Saturday, March 22, 2008

Boston, MA - Burroughs Newsboys Home

BREAKING NEWS - I couldn’t help but follow up on my previous blog entry with more news about the newsboys in Boston.

After running across this photo Hine took in 1909 in Boston that he captioned “The Newsboys Building. Intended to Counteract the Attractions of the street,” I was hot on the trail to see if it still existed.

Well, does it still exist? No, but it does have an interesting connection to what currently stands at this 10 Somerset Street address.

The full name of the “Newsboys Building” that Hine referred to in his photo caption was “The Burroughs Newsboys Home,” founded by Russian immigrant Harry E. Burroughs, who originally came to the United States at the age of 12 and became a newsboy. Later in life, Burroughs attended Suffolk Law School in Boston, becoming a successful lawyer who dedicated much of his life to helping the plight of inner-city boys in particular. More can be read about The Burroughs Newsboys Foundation by clicking
here.

The Burroughs Newsboys Building on Somerset Street was a safe haven for the newsboys. It was said that for 25 cents per year, a boy could spend his time in this building having fun, meeting new friends and even watching movies, all which helped to offset the other part of their lives that required them to be on the streets early in the morning through late in the evening, hawking newspapers.

Here are some photos Hine shot in October 1909 of newsboys who were enjoying their time inside the Burroughs Newsboys Home -- (The first was captioned “Newsboys Club“ and the second “In the Newsboys Reading Room. Boys seated at tables playing gamers.”):


Today, this space is home to the Nathan R. Miller Residence Hall of Suffolk University. Although it’s unclear to me if Miller himself was ever a newsboy, accounts say that when Miller was a young boy growing up in this Beacon Hill neighborhood, he spent time at the Newsboys Building. Miller received an honorary degree from Suffolk University in 2003, being recognized for starting a small accounting firm which blossomed into a leading Boston area real estate business, Nathan R. Miller Properties, Ltd., which has transacted upon some of Boston’s most prestigious addresses. To read more information on Miller, as well as about the dedication of this residence hall in his honor, click here.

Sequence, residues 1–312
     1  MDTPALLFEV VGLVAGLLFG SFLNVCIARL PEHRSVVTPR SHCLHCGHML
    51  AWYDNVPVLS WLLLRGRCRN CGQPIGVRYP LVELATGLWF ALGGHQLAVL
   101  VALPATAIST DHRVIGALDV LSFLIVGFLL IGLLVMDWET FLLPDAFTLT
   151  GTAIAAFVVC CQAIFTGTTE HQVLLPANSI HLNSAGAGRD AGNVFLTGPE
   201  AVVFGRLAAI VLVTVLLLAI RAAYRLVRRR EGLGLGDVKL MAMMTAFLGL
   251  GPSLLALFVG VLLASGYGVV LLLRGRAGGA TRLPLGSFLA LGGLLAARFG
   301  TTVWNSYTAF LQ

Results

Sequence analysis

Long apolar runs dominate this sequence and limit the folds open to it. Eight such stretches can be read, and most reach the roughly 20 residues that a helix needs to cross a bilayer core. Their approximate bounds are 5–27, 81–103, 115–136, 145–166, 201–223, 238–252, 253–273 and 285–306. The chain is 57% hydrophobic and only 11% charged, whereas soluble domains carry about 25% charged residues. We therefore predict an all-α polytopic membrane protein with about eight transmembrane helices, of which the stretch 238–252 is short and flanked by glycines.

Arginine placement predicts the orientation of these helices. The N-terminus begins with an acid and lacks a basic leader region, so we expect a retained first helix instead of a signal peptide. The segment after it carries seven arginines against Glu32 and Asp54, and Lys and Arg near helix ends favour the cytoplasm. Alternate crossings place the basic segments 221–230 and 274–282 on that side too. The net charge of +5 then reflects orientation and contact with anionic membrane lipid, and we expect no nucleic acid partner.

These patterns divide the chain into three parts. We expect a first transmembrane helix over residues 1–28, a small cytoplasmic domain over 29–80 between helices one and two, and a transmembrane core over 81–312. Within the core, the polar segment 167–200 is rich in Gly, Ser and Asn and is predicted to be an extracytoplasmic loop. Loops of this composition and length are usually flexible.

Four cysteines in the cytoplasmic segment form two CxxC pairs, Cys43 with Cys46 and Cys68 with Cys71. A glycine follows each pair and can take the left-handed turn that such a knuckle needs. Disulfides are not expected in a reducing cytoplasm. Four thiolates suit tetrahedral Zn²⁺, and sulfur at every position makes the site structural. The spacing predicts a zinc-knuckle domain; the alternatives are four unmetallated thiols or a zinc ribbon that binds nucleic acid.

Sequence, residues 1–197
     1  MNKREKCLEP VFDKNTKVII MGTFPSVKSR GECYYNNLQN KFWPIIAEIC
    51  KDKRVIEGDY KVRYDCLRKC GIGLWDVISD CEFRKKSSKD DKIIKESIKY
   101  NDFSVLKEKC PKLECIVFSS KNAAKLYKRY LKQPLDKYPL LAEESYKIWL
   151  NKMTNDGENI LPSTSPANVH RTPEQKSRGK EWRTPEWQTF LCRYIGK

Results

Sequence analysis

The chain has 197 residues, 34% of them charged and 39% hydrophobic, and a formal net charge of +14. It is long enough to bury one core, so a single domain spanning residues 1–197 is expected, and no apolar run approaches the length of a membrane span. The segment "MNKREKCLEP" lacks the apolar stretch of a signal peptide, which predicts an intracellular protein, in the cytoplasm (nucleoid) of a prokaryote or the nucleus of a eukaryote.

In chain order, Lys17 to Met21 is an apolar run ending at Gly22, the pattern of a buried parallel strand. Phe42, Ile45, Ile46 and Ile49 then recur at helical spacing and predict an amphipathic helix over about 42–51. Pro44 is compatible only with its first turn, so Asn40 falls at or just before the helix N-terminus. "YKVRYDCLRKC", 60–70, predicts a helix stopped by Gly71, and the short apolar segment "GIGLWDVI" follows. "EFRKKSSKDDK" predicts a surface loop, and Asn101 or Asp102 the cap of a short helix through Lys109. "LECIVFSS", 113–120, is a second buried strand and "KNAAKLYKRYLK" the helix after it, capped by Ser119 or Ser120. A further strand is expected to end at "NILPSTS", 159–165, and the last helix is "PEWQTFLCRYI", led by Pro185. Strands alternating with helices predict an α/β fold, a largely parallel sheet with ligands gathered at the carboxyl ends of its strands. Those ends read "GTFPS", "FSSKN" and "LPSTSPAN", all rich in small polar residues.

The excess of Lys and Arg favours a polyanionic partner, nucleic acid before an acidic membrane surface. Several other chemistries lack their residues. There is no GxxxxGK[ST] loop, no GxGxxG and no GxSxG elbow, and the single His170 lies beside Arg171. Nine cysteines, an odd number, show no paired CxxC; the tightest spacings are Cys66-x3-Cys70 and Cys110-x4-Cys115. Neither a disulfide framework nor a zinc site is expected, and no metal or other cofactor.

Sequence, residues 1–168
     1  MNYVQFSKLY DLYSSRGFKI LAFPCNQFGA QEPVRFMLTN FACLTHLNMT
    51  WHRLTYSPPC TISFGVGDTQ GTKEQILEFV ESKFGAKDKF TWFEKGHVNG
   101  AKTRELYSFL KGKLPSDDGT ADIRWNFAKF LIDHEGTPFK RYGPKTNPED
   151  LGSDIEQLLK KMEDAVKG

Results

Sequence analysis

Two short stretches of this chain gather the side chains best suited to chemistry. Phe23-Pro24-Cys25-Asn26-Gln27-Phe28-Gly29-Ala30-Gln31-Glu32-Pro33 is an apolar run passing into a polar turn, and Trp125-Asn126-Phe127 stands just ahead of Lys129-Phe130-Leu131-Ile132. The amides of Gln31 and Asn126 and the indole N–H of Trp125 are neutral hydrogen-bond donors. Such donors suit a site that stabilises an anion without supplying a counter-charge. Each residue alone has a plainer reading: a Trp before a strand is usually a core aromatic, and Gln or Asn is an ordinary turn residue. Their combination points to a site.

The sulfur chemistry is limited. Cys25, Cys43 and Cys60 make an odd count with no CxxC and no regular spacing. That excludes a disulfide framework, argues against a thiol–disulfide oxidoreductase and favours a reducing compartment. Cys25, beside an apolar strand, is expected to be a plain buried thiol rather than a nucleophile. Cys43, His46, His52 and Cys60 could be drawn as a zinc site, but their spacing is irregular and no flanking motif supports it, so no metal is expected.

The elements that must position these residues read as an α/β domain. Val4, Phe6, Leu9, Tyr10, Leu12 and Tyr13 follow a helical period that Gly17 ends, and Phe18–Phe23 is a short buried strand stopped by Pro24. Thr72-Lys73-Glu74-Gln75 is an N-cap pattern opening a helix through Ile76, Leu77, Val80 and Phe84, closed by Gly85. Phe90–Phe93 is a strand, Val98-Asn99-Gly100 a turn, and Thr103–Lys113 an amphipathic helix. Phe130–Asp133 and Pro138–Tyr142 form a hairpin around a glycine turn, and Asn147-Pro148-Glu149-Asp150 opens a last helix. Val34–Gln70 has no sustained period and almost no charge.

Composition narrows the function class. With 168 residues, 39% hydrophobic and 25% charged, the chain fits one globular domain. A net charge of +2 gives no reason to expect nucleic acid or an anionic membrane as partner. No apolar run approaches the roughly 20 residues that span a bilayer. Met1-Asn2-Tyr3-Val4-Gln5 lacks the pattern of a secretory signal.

Here’s a picture of what this location looks like today:

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Lewis Hine photo credits, listed in order of appearance on this page:

Library of Congress, Prints & Photographs Division, National Child Labor Committee Collection, LC-DIG-nclc-03352

Library of Congress, Prints & Photographs Division, National Child Labor Committee Collection, LC-DIG-nclc-03351

Library of Congress, Prints & Photographs Division, National Child Labor Committee Collection, LC-DIG-nclc-03350

4 comments:

  1. Boston School publications available online reveal that Boston had a separate schooling program available for newsboys and bootblacks. For various reasons, their parents - if they had any - did not send them to school, and it was work or die. The city gave them official cards to show that they were not 'truant' from school during working hours.

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    1. Very interesting! Amazing how life has changed in really not too much of a span of time.

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    2. Burroughs didn't open the Newsboys Foundation until 1927--see Burroughs, Harry E. Boys in Men's Shoes: A World of Working Children. New York: Macmillan, 1944. HathiTrust Digital Library. Web. 13 May 2013 at http://babel.hathitrust.org/cgi/pt?id=mdp.39015035065922;view=plaintext;seq=36;page=root;size=100;orient=0

      "It was in December, 1927—exactly fifteen years after I
      stopped selling papers—that I established the Foundation in the
      very building which had been my first 'corner' and from which,
      as the doors swung open, warm gusts of air had come to play
      over my chapped and frozen cheeks. I became responsible for
      its organization, equipment, and surroundings, its plan and pur-
      pose and philosophy, for everything that we as newsboys had
      needed and craved." (6) The building may have dated from 1908, but not its use for newsboys.

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  2. During WWII I used to spend "warming up" time at the Foundation during the freezing winters - I was shining shoes in downtown Boston and the Foundation was an Oasis for many kids like myself. They used to serve hot Corn Chowders and Fish Chowders and Hot Chocolate. I saw the both the Humphrey Bogart films: Sahara and Treasure of Sierra Madre there at the foundation.It was a great blessing for many of us kids who would have probably frozen to death on those streets.

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